LONDON (Reuters) – A compound found in the common curry spice turmeric appears to delay the liver damage that eventually causes cirrhosis, scientists said on Wednesday.
In a study published in Gut, a British Medical Journal title, Austrian scientists found that feeding the compound curcumin to mice reduced the types of inflammation that can cause liver cell damage, blockage and scarring.
Previous research has suggested that curcumin, which gives turmeric its bright yellow color, has anti-inflammatory and antioxidant properties which may be helpful in fighting disease.(Read entire article)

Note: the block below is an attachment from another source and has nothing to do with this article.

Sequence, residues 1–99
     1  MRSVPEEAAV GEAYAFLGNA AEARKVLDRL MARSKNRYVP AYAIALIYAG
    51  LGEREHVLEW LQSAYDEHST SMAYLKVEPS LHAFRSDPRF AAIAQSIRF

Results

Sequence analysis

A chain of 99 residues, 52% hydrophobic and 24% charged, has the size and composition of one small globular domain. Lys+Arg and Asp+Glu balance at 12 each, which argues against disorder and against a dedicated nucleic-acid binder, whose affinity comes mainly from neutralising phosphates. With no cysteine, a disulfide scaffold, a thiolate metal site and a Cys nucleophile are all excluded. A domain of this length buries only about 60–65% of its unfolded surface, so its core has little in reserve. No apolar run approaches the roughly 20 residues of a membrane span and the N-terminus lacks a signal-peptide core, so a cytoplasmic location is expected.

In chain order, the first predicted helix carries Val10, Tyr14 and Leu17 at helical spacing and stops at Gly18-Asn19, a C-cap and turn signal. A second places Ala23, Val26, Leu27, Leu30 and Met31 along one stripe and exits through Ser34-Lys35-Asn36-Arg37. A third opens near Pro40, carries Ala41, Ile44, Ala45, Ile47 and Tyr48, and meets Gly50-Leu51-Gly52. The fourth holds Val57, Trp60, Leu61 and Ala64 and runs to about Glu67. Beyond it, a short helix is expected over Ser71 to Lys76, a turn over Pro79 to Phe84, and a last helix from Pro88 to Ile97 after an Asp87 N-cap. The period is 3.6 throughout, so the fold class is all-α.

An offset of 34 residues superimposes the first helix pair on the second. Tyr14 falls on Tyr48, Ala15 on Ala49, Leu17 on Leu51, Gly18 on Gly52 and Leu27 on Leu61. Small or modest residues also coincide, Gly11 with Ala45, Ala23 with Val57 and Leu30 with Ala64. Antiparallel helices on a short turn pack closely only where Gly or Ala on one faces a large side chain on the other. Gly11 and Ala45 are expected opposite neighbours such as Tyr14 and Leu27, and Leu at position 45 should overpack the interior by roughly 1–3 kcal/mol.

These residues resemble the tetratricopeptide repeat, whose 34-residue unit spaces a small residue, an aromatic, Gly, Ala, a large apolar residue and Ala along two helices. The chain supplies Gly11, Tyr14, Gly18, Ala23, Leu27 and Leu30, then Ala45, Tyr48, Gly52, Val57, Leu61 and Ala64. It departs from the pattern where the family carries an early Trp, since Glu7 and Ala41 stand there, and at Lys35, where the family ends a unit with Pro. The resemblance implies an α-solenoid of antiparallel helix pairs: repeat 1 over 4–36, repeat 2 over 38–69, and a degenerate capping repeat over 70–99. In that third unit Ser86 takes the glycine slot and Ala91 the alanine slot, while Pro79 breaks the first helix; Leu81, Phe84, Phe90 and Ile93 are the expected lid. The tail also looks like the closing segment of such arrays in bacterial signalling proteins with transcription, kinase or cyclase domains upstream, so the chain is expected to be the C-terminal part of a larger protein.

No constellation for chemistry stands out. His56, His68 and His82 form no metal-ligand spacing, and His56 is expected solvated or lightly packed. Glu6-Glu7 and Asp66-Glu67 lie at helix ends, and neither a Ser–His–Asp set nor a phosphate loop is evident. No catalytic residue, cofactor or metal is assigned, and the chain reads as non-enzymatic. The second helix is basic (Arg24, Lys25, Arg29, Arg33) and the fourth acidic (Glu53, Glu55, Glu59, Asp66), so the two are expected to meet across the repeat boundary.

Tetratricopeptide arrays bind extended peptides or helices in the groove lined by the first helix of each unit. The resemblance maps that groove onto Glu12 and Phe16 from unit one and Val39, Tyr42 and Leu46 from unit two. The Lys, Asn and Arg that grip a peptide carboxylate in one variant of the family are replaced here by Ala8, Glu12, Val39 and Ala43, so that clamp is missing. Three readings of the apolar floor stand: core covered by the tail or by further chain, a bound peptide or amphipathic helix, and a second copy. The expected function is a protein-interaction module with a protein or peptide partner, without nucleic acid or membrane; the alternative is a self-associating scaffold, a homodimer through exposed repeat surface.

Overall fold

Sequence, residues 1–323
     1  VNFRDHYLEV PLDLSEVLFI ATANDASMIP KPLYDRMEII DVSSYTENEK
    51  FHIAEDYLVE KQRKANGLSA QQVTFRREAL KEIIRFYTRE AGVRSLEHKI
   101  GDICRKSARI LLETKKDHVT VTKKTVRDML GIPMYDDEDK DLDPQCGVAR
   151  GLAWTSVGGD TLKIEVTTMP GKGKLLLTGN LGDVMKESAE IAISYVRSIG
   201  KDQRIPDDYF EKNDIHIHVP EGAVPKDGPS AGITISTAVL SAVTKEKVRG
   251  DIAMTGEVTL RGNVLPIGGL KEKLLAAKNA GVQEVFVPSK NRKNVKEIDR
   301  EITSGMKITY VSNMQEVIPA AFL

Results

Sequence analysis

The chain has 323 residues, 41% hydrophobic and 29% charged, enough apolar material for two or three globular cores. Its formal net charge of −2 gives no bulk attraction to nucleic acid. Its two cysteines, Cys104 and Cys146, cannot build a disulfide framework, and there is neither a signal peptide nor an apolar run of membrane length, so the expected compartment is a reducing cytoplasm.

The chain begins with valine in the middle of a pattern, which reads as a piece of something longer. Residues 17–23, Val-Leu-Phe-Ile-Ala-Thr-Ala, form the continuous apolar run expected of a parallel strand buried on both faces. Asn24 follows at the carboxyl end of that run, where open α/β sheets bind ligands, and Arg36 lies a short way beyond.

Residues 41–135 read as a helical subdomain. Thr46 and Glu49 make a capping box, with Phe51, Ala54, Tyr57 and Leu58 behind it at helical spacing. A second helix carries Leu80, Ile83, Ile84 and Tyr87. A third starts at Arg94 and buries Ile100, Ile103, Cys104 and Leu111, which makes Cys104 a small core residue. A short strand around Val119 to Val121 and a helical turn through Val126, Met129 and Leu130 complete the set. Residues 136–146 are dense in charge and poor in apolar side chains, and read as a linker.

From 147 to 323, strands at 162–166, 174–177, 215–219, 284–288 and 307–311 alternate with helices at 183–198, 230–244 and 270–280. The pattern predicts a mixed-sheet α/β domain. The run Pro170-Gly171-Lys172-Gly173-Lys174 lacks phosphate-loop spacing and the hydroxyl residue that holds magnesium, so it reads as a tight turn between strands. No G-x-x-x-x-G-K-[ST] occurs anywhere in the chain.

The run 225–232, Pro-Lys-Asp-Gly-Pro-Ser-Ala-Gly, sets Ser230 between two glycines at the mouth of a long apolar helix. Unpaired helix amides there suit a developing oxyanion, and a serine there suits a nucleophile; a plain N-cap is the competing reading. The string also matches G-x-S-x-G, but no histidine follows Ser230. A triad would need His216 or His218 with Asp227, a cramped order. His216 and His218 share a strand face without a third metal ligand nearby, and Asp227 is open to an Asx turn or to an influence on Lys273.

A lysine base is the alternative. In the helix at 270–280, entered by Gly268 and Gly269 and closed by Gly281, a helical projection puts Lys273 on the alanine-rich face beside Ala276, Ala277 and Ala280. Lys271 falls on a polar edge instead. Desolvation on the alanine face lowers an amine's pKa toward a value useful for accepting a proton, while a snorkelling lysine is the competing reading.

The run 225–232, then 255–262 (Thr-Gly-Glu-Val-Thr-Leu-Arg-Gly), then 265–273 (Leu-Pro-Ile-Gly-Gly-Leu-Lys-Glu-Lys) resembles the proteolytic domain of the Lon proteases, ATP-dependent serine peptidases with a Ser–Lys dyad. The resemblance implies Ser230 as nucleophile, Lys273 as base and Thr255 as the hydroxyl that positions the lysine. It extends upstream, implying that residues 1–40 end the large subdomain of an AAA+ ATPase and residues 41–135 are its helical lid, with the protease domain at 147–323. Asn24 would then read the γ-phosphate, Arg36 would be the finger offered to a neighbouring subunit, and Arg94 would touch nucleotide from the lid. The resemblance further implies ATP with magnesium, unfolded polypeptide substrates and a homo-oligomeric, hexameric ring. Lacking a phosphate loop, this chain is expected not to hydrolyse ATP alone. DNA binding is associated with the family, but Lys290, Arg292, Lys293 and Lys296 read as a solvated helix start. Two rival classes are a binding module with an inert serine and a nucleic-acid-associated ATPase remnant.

It’s the ingredient that Indian chefs use to give chicken tikka masala its distinctive colour. Curcumin is one of the main components of the spice turmeric, which is also used to turn rice yellow in Indian cuisine.
However, it seems it might have another important role in the fight against liver damage.
Researchers in Austria and the US say curcumin seems to delay the onset of cirrhosis. They say their work builds on previous research which has indicated that it has anti-inflammatory and antioxidant properties which may be helpful in combating disease.
Practitioners of Indian Ayurvedic medicine have traditionally used it to treat a range of gastrointestinal disorders. The researchers from Medical University, Graz in Austria and the College of Medicine in Houston, Texas, wanted to find out if curcumin could delay the damage caused by progressive inflammatory conditions of the liver. (Read entire article)